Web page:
By Jim Struck, Leadership Vision, LLC

Published in Mr. Struck’s column in Management Trends, May, 2009

Much of our life in the business world is about keeping score. Keeping score is a necessary tool to tell us how we’re doing as individuals, departments, with our clients, and as organizations. It is a key component in the broader topic of how we execute on our goals and initiatives as an organization. In 2002, Ram Charan and Larry Bossidy wrote a landmark book called Execution, the Discipline of Getting Things Done. In the front of the book they define Execution as:

  1. the missing link
  2. the main reason companies fall short of their promises
  3. the gap between what a company’s leaders want to achieve and the ability of their organizations to deliver it
  4. not simply tactics, but a system of getting things done through questioning, analysis, and follow-through. A discipline for meshing strategy with reality, aligning people with goals, and achieving the results promised
  5. a central part of a company’s strategy and its goals and the major job of any leader in business
  6. a discipline requiring comprehensive understanding of a business, its’ people, and its environment
  7. the way to link the three core processes of any business – the people process, the strategy, and the operating plan – together to get things done on time

If your organization struggles to execute (get things done) the book is a good read. For many it can be the start of making changes in how you lead. For our purposes, I am only looking at the measures we use in this process. I will address additional aspects of execution in subsequent columns.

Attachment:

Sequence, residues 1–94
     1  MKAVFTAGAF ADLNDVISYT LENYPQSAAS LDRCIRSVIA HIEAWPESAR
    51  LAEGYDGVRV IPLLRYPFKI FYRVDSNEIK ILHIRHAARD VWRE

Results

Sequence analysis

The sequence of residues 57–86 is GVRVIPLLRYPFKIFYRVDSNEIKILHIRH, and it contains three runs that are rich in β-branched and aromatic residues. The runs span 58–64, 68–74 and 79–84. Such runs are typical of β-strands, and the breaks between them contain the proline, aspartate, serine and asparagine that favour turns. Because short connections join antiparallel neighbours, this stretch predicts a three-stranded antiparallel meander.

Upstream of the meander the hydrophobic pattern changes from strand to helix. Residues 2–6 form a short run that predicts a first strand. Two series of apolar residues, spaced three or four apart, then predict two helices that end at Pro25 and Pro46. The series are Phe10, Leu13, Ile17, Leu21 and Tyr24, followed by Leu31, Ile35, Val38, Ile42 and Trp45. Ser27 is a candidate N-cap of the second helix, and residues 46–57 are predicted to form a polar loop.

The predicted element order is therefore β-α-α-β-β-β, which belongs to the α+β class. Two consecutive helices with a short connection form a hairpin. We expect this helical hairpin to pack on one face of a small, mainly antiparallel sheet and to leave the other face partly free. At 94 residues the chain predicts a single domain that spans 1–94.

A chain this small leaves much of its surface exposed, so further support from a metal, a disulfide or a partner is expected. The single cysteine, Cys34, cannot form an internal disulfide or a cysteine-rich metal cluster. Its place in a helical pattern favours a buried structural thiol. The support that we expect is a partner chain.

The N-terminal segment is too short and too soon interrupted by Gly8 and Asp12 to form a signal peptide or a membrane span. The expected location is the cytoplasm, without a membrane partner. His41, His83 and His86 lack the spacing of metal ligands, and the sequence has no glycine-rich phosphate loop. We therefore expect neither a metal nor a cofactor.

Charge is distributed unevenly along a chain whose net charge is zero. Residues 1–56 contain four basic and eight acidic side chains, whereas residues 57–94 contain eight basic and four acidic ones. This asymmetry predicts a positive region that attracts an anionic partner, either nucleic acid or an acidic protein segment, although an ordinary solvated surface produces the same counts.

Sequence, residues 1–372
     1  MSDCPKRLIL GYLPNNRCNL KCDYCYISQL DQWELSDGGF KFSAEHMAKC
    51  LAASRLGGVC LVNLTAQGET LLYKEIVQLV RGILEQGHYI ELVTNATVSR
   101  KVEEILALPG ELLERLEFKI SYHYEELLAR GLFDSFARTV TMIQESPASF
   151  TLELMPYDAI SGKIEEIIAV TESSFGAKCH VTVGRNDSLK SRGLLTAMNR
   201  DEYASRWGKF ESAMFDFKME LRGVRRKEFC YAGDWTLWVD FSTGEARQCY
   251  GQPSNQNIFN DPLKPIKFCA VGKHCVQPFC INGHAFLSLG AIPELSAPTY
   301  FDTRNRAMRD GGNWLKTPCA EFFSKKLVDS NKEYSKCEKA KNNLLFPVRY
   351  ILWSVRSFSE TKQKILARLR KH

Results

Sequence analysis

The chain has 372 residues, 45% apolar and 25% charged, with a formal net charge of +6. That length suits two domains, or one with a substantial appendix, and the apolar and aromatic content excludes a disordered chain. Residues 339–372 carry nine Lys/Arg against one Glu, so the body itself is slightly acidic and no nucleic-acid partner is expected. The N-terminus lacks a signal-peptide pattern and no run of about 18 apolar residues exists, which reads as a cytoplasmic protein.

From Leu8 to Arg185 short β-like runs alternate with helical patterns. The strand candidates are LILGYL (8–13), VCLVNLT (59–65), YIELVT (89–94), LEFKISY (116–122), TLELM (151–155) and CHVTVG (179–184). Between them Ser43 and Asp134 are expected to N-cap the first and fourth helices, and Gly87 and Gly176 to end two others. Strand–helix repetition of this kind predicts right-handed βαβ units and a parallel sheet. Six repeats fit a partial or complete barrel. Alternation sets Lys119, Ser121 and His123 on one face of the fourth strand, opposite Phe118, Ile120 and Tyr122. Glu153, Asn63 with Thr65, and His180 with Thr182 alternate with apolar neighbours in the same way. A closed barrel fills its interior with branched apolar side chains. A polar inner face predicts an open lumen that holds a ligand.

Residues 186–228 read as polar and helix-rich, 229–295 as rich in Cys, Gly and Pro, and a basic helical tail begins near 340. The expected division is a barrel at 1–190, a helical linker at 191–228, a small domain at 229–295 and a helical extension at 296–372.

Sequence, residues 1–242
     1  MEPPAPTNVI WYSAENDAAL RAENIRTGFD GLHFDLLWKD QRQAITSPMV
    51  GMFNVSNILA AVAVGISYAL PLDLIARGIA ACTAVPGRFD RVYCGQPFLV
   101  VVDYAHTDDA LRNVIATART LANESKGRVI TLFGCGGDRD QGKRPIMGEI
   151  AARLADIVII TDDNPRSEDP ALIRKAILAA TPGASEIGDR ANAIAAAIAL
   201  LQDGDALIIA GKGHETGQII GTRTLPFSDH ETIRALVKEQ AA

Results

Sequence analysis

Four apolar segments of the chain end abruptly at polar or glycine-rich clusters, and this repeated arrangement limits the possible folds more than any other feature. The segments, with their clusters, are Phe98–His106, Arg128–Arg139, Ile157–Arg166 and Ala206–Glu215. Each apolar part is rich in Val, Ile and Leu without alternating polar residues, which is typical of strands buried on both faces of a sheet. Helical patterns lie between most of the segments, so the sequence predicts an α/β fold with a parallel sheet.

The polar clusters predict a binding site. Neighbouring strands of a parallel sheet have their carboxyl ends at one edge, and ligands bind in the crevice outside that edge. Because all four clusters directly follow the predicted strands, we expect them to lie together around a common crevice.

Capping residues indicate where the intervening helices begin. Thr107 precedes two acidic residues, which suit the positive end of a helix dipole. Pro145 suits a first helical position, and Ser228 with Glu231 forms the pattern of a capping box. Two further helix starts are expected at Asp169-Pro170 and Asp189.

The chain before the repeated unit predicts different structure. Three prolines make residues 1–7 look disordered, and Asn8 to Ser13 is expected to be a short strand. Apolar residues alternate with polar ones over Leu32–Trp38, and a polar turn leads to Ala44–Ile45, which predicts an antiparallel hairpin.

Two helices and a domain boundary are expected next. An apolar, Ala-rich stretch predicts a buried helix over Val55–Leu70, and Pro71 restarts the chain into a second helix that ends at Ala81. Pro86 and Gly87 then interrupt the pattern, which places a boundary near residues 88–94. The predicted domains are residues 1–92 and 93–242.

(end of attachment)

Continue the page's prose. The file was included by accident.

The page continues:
Are you really good at measuring the important aspects of your business? Think about your answer. The challenge I will give you is that less than 30% of the agencies I work with do this well. At the individual level many use benchmarks as a way to control rather than motivate. “You didn’t produce X, now you’re in trouble.” I will talk about this in a subsequent column, but for now I want to move on to talk about using measures.

So, why aren’t we better at either keeping score or selecting the right things to keep score? You have my e-mail address. I’d be interested in hearing your experience and thoughts.

Before I continue, let’s make a distinction between a benchmark and a KPI. For my purposes a KPI is something we want to measure that is key to our operation. A benchmark is the target number within that KPI. If we decide we want to track dollars collected as a KPI, then the amount we want would be the benchmark.

My experience suggests that we aren’t better at keeping score or the right score for a couple of reasons. First, we don’t critically think about the importance of the measure in helping us to achieve the results we want. For instance, we tell an employee you must do this in a day, week, or month. The benchmark may resemble reality and be achievable. If it is then it will serve as a motivator for most. If the benchmark is not based in reality, but is simply what we want or think people can achieve, then the benchmark can be a de-motivator.

I was on a client site working in their insurance department and asked what the goal (benchmark) was for claims worked per day. The conversation went something like this. “The goal is 50 per day.”